Now the results of this one did suprise me a little! When looking at the full cohort, taller competitors were just as likely to lose due to strikes as they were to win by strikes. More importantly, when the losing competitor had a longer reach than their opponent, it was much more likely that they lost due to strikes rather than a decision. Equally, in the welterweight division, fighters with a longer reach had more chance of losing via submission than winning. Suggesting that having a longer reach is actually a disadvantage in MMA! In this study I also made use of a statistical method called Bayes factors, which allowed me to show evidence that when height and reach was advantageous, it was found to be anecdotal evidence only, whilst the disadvantageous results came out as very strong or decisive evidence.

Image result for stefan struve knocked out

....but what about 7'0" Stephan Struve being knocked out by several much shorter competitors?

So points 1-3 have had some evidence provided for, and it seems to be negative at this stage: if height/reach does have any influence, then it’s not a good one for the big’uns! So why is this? One suggestion could be that the grappling aspect of MMA has such a big influence that it mitigates any anthropometric dis/advantages, a result that has been mirrored in wrestling. Or, it could be that MMA is such a young sport that the competitors and coaches have not yet figured out how to use these size differences effectively and consistently. Or it could be that height and reach just does not matter in MMA, at least not to the point that people assume. So I decided to have a look at technique use in MMA and whether limb length had any influence here.

For this study I used the in bout data of 461 UFC competitors in one calendar year collected by Fight Metric (big thanks to Rami Genaur again for sorting this out!) to determine which techniques could distinguish between winners and losers in each bout, and which of these were correlated to differences between winners and losers in height, reach and ape index. First off, the ape index  had absolutely no effect again, so I’m happy to disregard this measurement completely for the time being, unless other supporting evidence comes along. In terms of height and reach, there were statistically relevant regression equations found in heavyweight, welterweight, lightweight and featherweight, so let’s have a look at each of those in turn.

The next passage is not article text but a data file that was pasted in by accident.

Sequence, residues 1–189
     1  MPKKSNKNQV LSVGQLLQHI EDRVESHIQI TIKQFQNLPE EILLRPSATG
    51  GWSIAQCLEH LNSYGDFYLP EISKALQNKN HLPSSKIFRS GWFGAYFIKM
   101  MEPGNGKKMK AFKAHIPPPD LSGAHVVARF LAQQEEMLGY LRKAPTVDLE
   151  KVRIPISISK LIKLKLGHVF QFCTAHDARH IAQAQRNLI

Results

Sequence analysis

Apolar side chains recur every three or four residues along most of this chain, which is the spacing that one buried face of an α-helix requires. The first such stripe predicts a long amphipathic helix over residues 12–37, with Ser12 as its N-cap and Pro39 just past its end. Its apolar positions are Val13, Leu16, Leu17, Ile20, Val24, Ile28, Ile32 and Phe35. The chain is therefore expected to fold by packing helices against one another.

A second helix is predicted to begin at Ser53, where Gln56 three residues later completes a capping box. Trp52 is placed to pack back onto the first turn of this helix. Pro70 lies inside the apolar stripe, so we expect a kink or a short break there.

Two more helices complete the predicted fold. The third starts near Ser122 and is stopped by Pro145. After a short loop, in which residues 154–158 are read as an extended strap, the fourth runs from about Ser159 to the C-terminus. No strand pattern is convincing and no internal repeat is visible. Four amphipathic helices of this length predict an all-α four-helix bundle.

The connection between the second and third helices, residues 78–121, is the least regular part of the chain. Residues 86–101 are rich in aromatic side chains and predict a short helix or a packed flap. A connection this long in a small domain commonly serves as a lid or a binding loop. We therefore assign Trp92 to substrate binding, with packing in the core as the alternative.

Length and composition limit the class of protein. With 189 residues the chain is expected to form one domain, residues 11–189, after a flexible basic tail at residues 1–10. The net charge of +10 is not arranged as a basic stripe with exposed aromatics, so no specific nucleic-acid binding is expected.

(Nb. The following section discusses % of variances. These represent how much of a difference in one measurement can be explained by another measurement. For example, if height can predict 10% of the variance in strikes, where Fighter A recorded 20 strikes, and Fighter B recorded 10 strikes, then 10% of the difference between them can be explained by the difference in their height.)

Heavyweight

The difference between winners and losers in terms of significant strikes landed is related to the difference in height between winners and losers, as well as the difference in reach. Height differences were found to predict 30% of the variance in significant strikes landed, whilst reach differences predicted 41% of the variance, respectively. Equally, 33% of the variance in significant strikes attempted at heavyweight can be predicted by the difference in reach between winners and losers. These are real differences, with real consequences for performance, as significant strikes landed and attempted were also found to be distinguishing factors between winners and losers in this division, and something that can predict 30-41% of a performance in such a nuanced sport cannot be ignored. So let’s see about the other divisions.

Welterweight

In this division, the findings were a little less pronounced, with the differences in height predicting 8% of the variance in significant strikes attempted and 7% of the variance in significant distance strikes attempted. This shows that taller competitors at welterweight may possibly be attempting more strikes, and at a greater distance than their opponent, but simply attempting more strikes has been shown to not be of that much importance in deciding who wins in MMA. So, moving on.

Lightweight

Lightweight contained the only occasion where a grappling variable was found to be affected by height, with 6% of the variance in the number of successful guard passes between winners and losers could be predicted by height differences. However, if you look at the linked published version of this research and scroll to Figure 3a, there is a clear outlier in this data, which could potentially account for this variance. So I’m not about to hang my hat on this partiular finding when trying to predict who wins or loses in MMA.